Manage a Token
Learn how to manage a security token, acquire ideas for sequencing, and download sample code.
Step 1 – Acquire ideas for sequencing (scenario)
The following scenario demonstrates the front-end and back-end workflow for Texas Fares, a small (and completely fictitious, for demonstration purposes only) online travel agency with less than 100 employees. The business model for the Texas Fares website is to search for the cheapest flights available in the state of Texas.
The Texas Fares website receives less than 100 booking requests per month. Having anticipated and estimated this traffic with its Sabre account manager, Texas Fares was assigned 50 session tokens/sessions and has access to consume sessionless tokens. Given a sessionless token can be used for multiple traveler requests, Texas Fares usually uses one sessionless token at any given time.
To reduce the number of calls to Sabre, Texas Fares uses sessionless tokens whenever possible, and has created simple logic to manage sessionless tokens, in addition to an in-house session token manager.
In the following scenario, the leisure traveler "Matt" (a new user of Texas Fares), conducts a search on the Texas Fares website for flights from Dallas-Fort Worth International Airport (DFW) to Houston William Hobby Airport (HOU).
Scenario step 1 – Search/shop for flights
Matt goes to the Texas Fares website to search for flights.
- Matt enters his travel dates and origin/destination airport codes then clicks the SEARCH button.
- Matt sees the message "Please wait. We're looking for flights." In the back-end of Texas Fares:
- Texas Fares returns flight availability to Matt for review.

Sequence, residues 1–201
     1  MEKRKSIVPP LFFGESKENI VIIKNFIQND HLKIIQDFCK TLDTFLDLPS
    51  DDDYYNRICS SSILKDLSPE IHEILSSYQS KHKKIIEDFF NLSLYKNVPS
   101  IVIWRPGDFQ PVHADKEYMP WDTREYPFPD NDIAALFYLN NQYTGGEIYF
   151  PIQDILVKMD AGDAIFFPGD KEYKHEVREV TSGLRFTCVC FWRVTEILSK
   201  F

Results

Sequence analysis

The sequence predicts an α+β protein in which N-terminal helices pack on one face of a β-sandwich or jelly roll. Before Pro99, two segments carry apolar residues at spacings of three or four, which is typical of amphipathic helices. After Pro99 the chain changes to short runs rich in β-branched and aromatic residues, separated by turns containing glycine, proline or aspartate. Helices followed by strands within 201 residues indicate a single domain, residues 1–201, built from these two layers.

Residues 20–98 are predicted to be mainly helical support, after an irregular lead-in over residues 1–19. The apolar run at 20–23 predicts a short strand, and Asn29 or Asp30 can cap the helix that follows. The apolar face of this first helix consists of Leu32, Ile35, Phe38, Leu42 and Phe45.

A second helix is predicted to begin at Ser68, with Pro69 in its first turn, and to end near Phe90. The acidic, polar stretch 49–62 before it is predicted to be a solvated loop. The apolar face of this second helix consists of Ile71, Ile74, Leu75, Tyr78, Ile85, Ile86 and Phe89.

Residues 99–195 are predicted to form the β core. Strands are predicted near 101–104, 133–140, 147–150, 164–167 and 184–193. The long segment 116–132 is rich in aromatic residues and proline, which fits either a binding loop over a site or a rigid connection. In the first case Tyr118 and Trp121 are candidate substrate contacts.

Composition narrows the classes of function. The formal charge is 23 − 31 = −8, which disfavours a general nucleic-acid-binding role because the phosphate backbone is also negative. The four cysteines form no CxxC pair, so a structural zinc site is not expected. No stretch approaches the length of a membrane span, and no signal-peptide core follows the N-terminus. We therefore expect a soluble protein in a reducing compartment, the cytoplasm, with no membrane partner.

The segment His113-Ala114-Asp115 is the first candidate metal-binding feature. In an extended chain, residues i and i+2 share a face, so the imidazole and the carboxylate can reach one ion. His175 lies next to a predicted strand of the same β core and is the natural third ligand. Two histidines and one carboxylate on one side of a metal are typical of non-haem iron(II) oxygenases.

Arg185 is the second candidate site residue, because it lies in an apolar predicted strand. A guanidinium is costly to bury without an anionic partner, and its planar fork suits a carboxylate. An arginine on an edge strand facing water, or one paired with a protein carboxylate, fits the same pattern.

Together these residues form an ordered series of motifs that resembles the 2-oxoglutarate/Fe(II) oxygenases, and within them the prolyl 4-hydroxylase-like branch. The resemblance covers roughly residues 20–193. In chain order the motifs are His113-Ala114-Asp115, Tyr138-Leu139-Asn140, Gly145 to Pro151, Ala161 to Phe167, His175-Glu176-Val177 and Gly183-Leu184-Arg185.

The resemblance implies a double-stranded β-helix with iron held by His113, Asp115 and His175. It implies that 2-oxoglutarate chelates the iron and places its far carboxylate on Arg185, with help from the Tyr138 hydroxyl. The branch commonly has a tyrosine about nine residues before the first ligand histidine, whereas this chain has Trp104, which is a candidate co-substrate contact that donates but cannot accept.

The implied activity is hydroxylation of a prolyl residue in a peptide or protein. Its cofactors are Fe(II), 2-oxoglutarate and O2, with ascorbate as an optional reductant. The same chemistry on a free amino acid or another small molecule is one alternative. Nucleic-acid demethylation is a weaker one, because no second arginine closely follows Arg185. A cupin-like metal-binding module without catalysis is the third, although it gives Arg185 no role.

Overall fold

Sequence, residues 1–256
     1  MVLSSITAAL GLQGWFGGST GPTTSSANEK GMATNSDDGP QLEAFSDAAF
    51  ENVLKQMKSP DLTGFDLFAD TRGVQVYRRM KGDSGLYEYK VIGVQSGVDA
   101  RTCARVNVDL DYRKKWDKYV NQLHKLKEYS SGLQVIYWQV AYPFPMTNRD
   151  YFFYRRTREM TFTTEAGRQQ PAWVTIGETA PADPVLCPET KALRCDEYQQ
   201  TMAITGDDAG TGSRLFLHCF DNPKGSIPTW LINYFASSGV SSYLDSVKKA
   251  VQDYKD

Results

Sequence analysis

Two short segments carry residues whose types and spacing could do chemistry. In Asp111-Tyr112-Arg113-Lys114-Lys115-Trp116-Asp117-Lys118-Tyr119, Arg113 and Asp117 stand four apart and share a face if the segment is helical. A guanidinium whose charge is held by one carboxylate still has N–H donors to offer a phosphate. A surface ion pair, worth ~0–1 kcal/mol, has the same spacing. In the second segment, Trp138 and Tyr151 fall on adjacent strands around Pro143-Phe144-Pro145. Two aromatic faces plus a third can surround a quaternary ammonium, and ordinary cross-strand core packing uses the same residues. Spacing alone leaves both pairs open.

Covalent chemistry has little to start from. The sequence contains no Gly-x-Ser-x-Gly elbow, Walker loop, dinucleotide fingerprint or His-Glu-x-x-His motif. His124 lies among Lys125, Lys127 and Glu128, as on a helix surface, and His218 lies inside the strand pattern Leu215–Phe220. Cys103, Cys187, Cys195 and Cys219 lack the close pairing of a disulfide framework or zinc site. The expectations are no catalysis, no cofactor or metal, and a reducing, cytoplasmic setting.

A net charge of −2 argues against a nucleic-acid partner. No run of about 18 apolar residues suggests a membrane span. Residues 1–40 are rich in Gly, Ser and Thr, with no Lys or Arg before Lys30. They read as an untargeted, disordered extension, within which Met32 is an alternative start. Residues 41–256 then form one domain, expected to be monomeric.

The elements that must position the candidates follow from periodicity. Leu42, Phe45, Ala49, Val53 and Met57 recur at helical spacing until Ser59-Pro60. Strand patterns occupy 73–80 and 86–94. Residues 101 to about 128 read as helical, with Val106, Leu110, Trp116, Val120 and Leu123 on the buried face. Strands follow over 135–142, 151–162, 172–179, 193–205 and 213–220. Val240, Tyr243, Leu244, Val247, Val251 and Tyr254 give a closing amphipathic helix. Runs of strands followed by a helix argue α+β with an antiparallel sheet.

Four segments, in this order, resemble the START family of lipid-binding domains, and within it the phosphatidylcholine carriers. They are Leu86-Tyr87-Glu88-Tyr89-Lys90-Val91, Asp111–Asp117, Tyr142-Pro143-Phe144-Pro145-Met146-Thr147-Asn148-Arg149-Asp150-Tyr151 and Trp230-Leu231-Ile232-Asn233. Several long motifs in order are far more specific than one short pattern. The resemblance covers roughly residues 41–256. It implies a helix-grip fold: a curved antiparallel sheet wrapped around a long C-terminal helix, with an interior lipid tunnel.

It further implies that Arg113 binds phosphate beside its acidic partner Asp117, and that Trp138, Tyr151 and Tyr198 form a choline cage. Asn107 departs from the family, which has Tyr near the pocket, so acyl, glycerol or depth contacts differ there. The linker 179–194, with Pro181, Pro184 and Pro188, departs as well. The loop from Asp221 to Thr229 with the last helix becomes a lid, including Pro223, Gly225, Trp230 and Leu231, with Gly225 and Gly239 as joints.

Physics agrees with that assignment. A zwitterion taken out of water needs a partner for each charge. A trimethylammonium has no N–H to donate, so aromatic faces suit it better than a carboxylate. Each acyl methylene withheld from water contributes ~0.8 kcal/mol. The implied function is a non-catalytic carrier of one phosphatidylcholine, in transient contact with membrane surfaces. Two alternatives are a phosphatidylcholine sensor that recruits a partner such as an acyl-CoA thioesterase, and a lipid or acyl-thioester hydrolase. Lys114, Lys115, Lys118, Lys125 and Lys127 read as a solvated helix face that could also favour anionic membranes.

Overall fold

- Matt finds a flight and clicks NEXT.
Scenario step 2 – Begin creating the Traveler Profile
Matt is asked to enter his travel details and register for a new account. This step (#see tip 2) obtains traveler information that is used to create the passenger name record in step 3.
- Texas Fares tells Matt "Are you new here? Please sign-in or create an account."
- Matt clicks REGISTER and enters his name, email address, credit card number, and (if applicable) frequent flyer number.
- Matt clicks the SAVE button.
- Matt sees the message "Please wait. We're creating your account." In the back-end of Texas Fares:
- Get a session token from your in-house session token manager and call the Sabre server:
- Call the Create Profile Objects API with a name for Matt's traveler profile in <ProfileName="MattTravelProfile">
- The API returns a success message. Keep <ProfileName="MattTravelProfile"> for step 3. Return the session token to your in-house session token manager for other requests.
- Get a session token from your in-house session token manager and call the Sabre server:
Scenario step 3 – Begin creating the passenger name record (PNR)
The Texas Fares website begins creating the passenger name record (using the profile name in step 2).
- Get a session token from your in-house session token manager
- Call the Sabre server:
- Call the Create Passenger Name Record API with the secure flight information (#see tip 3) the profile name from step 2 <UniqueID ID="MattTravelProfile"> (#see tip 4) and the flight price and flight number from scenario step 1.
- Call the Create Profile Objects API with a name for Matt's traveler profile in <ProfileName="MattTravelProfile">.
- The API returns a success message with the record locator <ItineraryRef ID="ABCDEF">.
- Extract the <ItineraryRef ID="ABCDEF"> for step 5 (#see tip 5) and Matt's flight price and flight number for step 4.
- Return the session token to your in-house session token manager for other requests.
Scenario step 4 – Get seat availability
The Texas Fares website has created an in-house graphical seat map, allowing Matt to see a visual representation of seat availability.
- Matt selects a seat and clicks CONTINUE.
- In the back-end of Texas Fares: get a session token from your in-house session token manager. Call the Seat Map API with Matt's flight information to get seat availability. The API returns seat availability information for the selected flight. Extract the seat availability information from the API response.